After the phenobarbital, the young woman stopped seizing temporarily, but 15 minutes had gone by and we still had no oxygen. After I yelled at no one in particular (and then apologized), five Haitian nurses dutifully lifted the patient and carried her down the hall to where an oxygen tank had been setup. The Haitian obstetrician solemnly advised me to use any required medication since the fetus was dead. After discussing with a Haitian internal medicine colleague, I administered more phenobarbital, and added antibiotics and antimalarials – my best guess given her high fever and dangerously low blood pressure. I also gave her magnesium, because unlike in the U.S. where physicians strive for an eloquent unifying diagnosis, in rural Haiti we are forced to treat empirically. We had no ICU, no CT scan to examine her brain, and no Neurologist. The patient’s family arrived and reported that the seizures had been present intermittently for three days until they got to the hospital. I had used nearly all the phenobarbital our pharmacy had, and despite this, with a tongue blade wrapped in gauze between her teeth, the young woman died less than twelve hours later.
Partners in Health (PIH), the Boston based not-for-profit has been fighting against “stupid deaths” for 30 years, with its mission to provide a “preferential option for the poor.” Through a revolutionary system of health care accompaniment and relentless advocacy, PIH has ensured widespread access to antiretrovirals and TB treatments, as well as many important wrap around services such as nutritional support. More recently ramping up efforts on the inpatient side, PIH has built a magnificent 300-bed teaching hospital in another location in Haiti’s central plateau not too far from where I work in Hinche. University Hospital in Mirebalais boasts a CT scanner, operating rooms, specialists, and even an electronic medical record system. Besides the physical structure and resources, the PIH flagship will ensure that generations of Haitian physicians have another place to complete residency training in internal medicine, pediatrics and surgery. Many avenues of impact exist, but locals are the only ones that can be truly sustainable agents of change.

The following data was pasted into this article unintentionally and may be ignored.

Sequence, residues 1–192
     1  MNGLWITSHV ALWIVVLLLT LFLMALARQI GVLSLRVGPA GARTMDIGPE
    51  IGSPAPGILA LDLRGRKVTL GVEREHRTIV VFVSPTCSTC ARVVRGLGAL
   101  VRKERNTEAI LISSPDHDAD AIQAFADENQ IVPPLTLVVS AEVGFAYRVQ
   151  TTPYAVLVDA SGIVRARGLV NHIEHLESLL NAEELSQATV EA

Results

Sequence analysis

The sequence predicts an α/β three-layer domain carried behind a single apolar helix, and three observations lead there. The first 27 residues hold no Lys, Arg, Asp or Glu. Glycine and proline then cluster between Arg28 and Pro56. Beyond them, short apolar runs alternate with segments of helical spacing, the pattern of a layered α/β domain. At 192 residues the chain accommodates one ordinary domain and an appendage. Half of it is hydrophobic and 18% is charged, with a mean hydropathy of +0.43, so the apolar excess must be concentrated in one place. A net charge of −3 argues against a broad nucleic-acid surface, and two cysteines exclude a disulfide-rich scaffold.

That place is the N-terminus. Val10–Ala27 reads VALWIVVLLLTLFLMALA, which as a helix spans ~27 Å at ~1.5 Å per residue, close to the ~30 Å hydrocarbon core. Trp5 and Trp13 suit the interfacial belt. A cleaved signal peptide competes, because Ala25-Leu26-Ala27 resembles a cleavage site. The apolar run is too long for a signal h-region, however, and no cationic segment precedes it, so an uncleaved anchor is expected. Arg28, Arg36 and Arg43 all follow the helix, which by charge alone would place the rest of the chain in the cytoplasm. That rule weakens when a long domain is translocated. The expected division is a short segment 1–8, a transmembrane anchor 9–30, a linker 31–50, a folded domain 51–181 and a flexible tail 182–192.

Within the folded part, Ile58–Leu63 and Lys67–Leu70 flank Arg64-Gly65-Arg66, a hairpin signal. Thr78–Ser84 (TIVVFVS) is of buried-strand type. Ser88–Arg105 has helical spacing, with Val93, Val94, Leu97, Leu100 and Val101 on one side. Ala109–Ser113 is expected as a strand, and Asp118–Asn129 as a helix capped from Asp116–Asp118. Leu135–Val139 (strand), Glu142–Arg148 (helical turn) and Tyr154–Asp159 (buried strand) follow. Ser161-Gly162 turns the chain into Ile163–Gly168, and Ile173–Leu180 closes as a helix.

Despite tremendous progress in Haiti, it is important to remember that four years after an earthquake that killed hundreds of thousands, and left nearly a million people homeless, there is still much to be done. The block schedule some of us enjoy as hospital medicine physicians places us in a unique position to traverse two worlds and consistently be engaged in providing quality care in resource-limited settings. Since evidence of adverse effects of outsider involvement is abundant in Haiti, perhaps the best approach is to emulate or join with PIH in working with the Ministry of Health, resisting the temptation of trying to establish a shadow or parallel health delivery model. Collaboration and not competition is needed going forward if we are to cause a convergence of the two realities of healthcare delivery in our modern world.
Varun Verma MD, is a board certified internal medicine physician who currently serves as a global health-hospital medicine fellow at the University of California San Francisco. In addition to working as a hospitalist at UCSF, he works in Haiti for 6-months of the year at a Haitian Ministry of Health (MSPP) hospital run as a partnership with Partners in Health. His previous experiences in Haiti includes volunteering with Medical Missions of Memphis and Project Medishare during residency, and with J/P HRO in between working as a locum tenens hospitalist in rural Maine.
Varun completed his undergraduate studies in economics from New York University and his medical studies from Rutgers-Robert Wood Johnson Medical School. Partway through his ophthalmology residency he switched into the NYU internal medicine residency where he discovered his love for hospital medicine. Training in a hospital system in New York City that stretched three buildings along eight blocks allowed him to witness the tremendous health implications of disparate socioeconomic conditions for patients (insured, uninsured and veterans).
Varun has been fortunate to be surrounded by mentors committed to healthcare delivery in resource poor settings (in the U.S. and abroad) at the UCSF Divison of Hospital Medicine. He tweets at @VarunVermaMD and blogs at www.undoinaction.com and with his colleagues at www.globalhealthcore.org.